7. The charging device according to claim 4, wherein one electrode of any one of the electric accumulator cells has the same potential as a reference potential of the rectangular wave power source.

8. The charging device according to claim 5, wherein one electrode of any one of the electric accumulator cells has the same potential as a reference potential of the rectangular wave power source.

9. The charging device according to claim 6, wherein one electrode of any one of the electric accumulator cells has the same potential as a reference potential of the rectangular wave power source.

10. The charging device according to claim 4, wherein at least one of a resistor and an inductor is provided in a current flow path between the electric accumulator and the rectangular wave power source.

11. The charging device according to claim 5, wherein at least one of a resistor and an inductor is provided in a current flow path between the electric accumulator and the rectangular wave power source.

12. The charging device according to claim 6, wherein at least one of a resistor and an inductor is provided in a current flow path between the electric accumulator and the rectangular wave power source.

13. The charging device according to claim 7, wherein at least one of a resistor and an inductor is provided in a current flow path between the electric accumulator and the rectangular wave power source.

14. The charging device according to claim 8, wherein at least one of a resistor and an inductor is provided in a current flow path between the electric accumulator and the rectangular wave power source.

15. The charging device according to claim 9, wherein at least one of a resistor and an inductor is provided in a current flow path between the electric accumulator and the rectangular wave power source.

Description:

CROSS-REFERENCE TO RELATED APPLICATION(S)

This application claims the foreign priority benefit under Title 35, United States Code, §119 (a)-(d), of Japanese Patent Application No. 2006-272504 filed on Oct. 4, 2006 in the Japan Patent Office, the disclosure of which is herein incorporated by reference in its entirety.

BACKGROUND OF THE INVENTION

1. Field of the Invention

The present invention relates to a charging device for charging an electric accumulator formed by a plurality of series-connected electric accumulator cells.

2. Description of the Related Art

More and more electric vehicles such as electric cars, fuel-cell-powered cars and hybrid cars have been putting into practical use in order to achieve low emissions, low noise and low gasoline consumption. Such electric vehicles are each equipped with a high voltage battery for driving a running motor. The high voltage of the high voltage battery is obtained by connecting a plurality of low voltage battery cells in series. Due to the high voltage of the high voltage battery, the current flowing through the running motor can be reduced compared with that of a low voltage battery when driving the running motor at the same power level, and therefore the weight of electric wires can be reduced.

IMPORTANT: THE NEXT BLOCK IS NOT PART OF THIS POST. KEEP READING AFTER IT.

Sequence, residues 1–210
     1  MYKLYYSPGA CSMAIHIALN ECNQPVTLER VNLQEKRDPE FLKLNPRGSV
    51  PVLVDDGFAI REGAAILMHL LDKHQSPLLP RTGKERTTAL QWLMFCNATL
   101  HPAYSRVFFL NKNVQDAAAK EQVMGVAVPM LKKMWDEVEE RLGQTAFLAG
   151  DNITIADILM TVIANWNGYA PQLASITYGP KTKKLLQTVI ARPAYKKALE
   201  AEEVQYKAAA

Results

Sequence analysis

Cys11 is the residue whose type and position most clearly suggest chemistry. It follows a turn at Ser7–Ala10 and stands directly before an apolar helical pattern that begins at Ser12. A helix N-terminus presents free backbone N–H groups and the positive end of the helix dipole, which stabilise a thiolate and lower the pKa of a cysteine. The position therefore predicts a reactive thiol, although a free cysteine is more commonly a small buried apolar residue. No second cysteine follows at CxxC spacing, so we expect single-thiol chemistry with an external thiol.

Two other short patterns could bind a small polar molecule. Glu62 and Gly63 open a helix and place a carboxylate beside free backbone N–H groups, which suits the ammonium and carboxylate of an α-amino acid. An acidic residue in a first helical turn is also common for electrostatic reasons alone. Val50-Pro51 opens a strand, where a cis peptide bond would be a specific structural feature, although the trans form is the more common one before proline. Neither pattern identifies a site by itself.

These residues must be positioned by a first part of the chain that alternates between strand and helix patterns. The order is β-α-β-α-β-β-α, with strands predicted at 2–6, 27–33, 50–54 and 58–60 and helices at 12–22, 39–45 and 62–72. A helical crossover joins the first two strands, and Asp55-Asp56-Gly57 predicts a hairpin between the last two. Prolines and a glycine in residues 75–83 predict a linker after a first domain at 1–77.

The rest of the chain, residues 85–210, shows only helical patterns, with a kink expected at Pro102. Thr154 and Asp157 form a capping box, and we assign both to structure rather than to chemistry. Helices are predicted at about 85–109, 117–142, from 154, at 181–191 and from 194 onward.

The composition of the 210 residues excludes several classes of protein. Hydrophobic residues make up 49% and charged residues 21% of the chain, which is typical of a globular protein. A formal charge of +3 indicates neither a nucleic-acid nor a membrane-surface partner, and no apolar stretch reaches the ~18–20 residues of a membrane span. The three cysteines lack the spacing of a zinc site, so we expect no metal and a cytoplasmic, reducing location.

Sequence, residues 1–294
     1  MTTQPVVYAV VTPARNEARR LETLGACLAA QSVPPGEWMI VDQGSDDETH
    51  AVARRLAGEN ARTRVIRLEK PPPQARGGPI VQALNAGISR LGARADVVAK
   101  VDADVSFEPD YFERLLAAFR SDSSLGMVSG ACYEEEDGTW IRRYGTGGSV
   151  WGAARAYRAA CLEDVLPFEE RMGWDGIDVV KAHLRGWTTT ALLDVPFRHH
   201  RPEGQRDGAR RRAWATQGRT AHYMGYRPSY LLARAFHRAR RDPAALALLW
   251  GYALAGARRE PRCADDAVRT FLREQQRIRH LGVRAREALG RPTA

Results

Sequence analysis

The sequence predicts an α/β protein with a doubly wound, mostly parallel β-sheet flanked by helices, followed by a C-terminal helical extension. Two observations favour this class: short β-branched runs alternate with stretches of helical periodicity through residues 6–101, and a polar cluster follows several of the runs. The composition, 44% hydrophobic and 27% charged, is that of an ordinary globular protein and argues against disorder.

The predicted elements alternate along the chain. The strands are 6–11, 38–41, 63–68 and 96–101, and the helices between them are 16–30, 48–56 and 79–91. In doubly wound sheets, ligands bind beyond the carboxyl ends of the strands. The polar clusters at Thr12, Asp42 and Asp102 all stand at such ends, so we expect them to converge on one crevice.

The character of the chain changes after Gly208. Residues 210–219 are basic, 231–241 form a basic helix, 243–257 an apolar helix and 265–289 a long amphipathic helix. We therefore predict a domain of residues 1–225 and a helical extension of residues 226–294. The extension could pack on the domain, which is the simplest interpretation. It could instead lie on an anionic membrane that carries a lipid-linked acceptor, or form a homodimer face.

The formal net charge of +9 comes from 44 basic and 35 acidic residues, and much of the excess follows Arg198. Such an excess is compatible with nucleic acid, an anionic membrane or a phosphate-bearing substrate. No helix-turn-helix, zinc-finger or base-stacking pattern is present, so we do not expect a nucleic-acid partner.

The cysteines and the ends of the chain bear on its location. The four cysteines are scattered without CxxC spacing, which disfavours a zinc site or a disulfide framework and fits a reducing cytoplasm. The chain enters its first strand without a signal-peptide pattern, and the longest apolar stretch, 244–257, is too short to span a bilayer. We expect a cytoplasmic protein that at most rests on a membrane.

Because the characteristic of each of the plurality of series-connected battery cells will vary while repeating charged and discharged, difference in the charging amount will be gradually caused from cell to cell. At the time when the charging amount of any one of the plurality of battery cells reaches a charging upper limit, charging operation has to be stopped even if the other battery cells have not been fully charged; at the time when the charging amount of any one of the plurality of battery cells reaches a charging lower limit, the discharging operation has to be stopped. In other words, since the series-connected battery cells early reach the charging upper limit or charging lower limit, usable charging capacity of the series-connected battery cells is actually decreased. Further, as a failure of the battery, a fine short circuit may occur. In the case where the fine short circuit occurs, the failed battery cell will discharge more quickly than the other battery cells.

To equalize the charging amount for each of the battery cells, there is a proposal in which a series circuit formed by a resistor and a semiconductor switch is connected to both ends of each battery cell to allow each battery cell to appropriately discharge (see Japanese Patent Laid-Open Publication No. 2000-92732, Japanese Patent Laid-Open Publication No. 2001-37077 and Japanese Patent Laid-Open Publication No. 2003-70179). Further, there is another proposal in which a transformer winding and a switching element are connected to each battery cell in order to equalize the charging voltage for each of the battery cells (see Japanese Patent Laid-Open Publication No. 2002-223528 and Japanese Patent Laid-Open Publication No. 2001-339865). In the technique that uses the resistor to discharge each of the battery cells, it is necessary to employ a high breakdown voltage semiconductor switch and a complicated supplementary circuit. Further, in the technique that uses the transformer to achieve insulation, it will be difficult to achieve integration and miniaturization since the transformer has relatively large volume.

In order to reduce the aforesaid problems, there is another proposal in which a capacitor is connected between each of the battery cells and an AC power source to insulate the battery cell from the AC power source, and the variable voltage of the AC power source is superposed on the voltage between the both ends of the capacitor to charge the battery cell (see Japanese Patent Laid-Open Publication No. Hei 11-32443).